Over the past few years, we have followed robotics manufacturer KUKA in several different and spectacular 3D printing projects, including the part their robots played in creating a massive concrete art installation as well as live demonstrations and the creation of a sustainable shop interior serving as evidence of their extreme technological development.

Headquartered in Augsberg, Germany, the designers and engineers at KUKA are known as specialists, pioneers, and prolific creators of robots made for industrial work. And while their complex work in the realm of robotics has gained interest from makers, engineers, and designers from all over the world, MakerBot has recently released a video graphic case study regarding KUKA’s future in manufacturing—with the aid of MakerBot 3D printers.

KUKA’s work, in collaboration with MakerBot, sheds new light on how robotics will change the world of manufacturing—and not by taking over the work of humans, but in sharing it with them as innovations are brought forth and new processes are created and streamlined. Employing 14,000 individuals around the world, KUKA is responsible for making completely customized robotics for a range of different applications that serve nearly every area of industry.

As smart factories become more common, KUKA employees are busier than ever using MakerBot 3D printers (see the MakerBot Replicator Z18 in use in the video at the end of this article) for rapid prototyping and building end-use robotic hands.

KUKA usually manufactures six-axis robots, featuring six degrees of freedom. According to Soeren Papsdorf, Head of Manufacturing Engineering, KUKA robots have a payload capacity range from 3kgs to over a ton of handling capacity.

“We use 3D printing with MakerBot at a fairly early phase,” says Papsdorf. “As soon as we give models and data to our suppliers that make metal components, we start 3D printing robot parts. Because we can do that development stage with one-to-one scale printed components. By the time we have actual aluminum or metal parts, we have already made a number of revisions.”

Enjoying the benefits of rapid prototyping via 3D printing also means that the engineers can design a fixture or a tool, print it overnight, and then begin the building and production process as quickly as the next day.

“I think human-robot collaboration is the future of robotics. Human-robot collaboration allows you to combine the advantages of a robot with the advantages of a human being. Seeing, feeling, being able to react quickly,” continues Papsdorf.

As KUKA engineers delve further and further into the uses of robotics around the world, they find themselves creating solutions in automation for companies focused on:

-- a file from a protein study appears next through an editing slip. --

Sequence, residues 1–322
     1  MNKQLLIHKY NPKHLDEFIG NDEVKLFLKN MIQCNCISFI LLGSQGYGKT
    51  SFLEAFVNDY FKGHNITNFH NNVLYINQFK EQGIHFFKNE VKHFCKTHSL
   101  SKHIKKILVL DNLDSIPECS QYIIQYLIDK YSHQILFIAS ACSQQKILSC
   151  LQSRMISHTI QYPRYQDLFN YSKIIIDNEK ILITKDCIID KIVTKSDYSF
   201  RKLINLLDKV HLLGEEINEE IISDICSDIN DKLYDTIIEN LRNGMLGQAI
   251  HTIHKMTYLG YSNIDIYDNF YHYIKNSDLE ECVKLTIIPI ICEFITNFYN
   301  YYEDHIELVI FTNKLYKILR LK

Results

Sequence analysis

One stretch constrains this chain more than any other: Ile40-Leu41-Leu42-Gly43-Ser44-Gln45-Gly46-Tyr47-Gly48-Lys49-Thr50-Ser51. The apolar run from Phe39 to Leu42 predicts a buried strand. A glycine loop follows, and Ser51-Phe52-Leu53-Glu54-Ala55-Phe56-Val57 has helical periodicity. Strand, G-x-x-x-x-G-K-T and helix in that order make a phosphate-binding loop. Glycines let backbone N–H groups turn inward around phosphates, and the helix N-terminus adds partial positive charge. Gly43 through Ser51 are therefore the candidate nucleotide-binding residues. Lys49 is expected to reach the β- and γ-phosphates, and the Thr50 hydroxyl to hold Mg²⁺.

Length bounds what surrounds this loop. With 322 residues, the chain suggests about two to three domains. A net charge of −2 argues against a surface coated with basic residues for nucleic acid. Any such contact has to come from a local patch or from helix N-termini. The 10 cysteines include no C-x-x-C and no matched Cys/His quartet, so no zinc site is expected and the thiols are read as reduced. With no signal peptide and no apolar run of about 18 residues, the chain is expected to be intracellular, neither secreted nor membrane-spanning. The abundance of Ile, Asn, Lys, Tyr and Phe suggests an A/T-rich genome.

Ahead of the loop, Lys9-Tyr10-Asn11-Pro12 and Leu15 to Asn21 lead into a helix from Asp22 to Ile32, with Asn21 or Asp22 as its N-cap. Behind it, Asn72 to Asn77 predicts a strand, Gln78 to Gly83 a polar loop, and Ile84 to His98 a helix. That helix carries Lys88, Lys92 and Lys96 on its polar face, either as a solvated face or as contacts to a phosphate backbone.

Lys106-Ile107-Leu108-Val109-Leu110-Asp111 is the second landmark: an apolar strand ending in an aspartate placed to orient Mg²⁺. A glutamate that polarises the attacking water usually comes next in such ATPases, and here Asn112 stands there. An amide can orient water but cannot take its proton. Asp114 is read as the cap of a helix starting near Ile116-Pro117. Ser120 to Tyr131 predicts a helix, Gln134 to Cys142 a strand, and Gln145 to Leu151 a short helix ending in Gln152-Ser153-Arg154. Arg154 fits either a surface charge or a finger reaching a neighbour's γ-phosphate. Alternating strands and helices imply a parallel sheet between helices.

• Aerospace
  • Electronics
  • General industries

Otmar Honsberg is the Head of Applications Engineering. Over the past four years, he has overseen building an Application Engineering Team centered around creating innovative human/robot collaborations, along with sensitive robots, and those that are mobile too.

“During the development came the idea let’s use some parts 3D printed to minimize the weight,” said Honsberg. “On the other side, we reduce the amount of parts. The 3D printing enables us to create application tools in a very short time and therefore we have the chance to make short time schedules for our customers.”

Honsberg states that without 3D printing, he can’t imagine KUKA being as successful as they are currently, echoing the sentiments of so many designers and engineers around the world who find that they are able to create new parts and prototypes that simply would not be possible without 3D printing technology.

And not only do they have 3D printing to rely on, the MakerBot hardware they have been using is incredibly reliable, allowing prototyping and production to run smoothly; in fact, for one whole year they relied on a MakerBot Replicator Z18 that ran for 7,000 hours over that time, with a success rate of 92 percent. This is a huge benefit for any 3D printing operation, but especially for the KUKA team as they continue to create Automated ItemPIQ applications, where robots aided by cameras find parts inside boxes and can remove parts.

Reliability is everything, and especially as they may be 3D printing large covers that take 80 to 120 hours to fabricate. They are so big, they fill the entire volume of the MakerBot.

“3D printing is very important because every application is different, and everything is customized,” says Thomas Schmidberger, Construction Engineer.

Find out more about the working partnership between MakerBot and KUKA here, and tune into the video below to understand more about how they are using 3D printing and robotics to advance manufacturing.

What do you think of this news? Let us know your thoughts; join the discussion of this and other 3D printing topics at 3DPrintBoard.com or share your thoughts below. 

[Images/video provided by MakerBot]

 

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